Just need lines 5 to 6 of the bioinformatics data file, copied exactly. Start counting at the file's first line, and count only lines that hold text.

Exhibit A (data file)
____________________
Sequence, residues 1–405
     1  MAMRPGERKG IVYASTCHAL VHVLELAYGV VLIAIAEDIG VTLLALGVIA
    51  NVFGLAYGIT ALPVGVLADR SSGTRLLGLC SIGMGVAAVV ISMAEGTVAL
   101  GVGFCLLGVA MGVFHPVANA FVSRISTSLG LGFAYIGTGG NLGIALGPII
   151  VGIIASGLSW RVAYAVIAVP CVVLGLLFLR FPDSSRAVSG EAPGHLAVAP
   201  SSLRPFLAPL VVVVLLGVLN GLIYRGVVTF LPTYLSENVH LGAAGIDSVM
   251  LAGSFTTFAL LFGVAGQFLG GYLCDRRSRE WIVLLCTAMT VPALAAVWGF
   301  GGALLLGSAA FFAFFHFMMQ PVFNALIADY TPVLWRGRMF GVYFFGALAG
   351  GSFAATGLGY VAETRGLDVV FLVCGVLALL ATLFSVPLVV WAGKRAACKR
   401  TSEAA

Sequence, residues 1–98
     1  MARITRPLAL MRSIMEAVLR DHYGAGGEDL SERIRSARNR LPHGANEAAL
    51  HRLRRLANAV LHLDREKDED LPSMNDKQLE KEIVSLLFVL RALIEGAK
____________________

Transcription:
   151  VGIIASGLSW RVAYAVIAVP CVVLGLLFLR FPDSSRAVSG EAPGHLAVAP
   201  SSLRPFLAPL VVVVLLGVLN GLIYRGVVTF LPTYLSENVH LGAAGIDSVM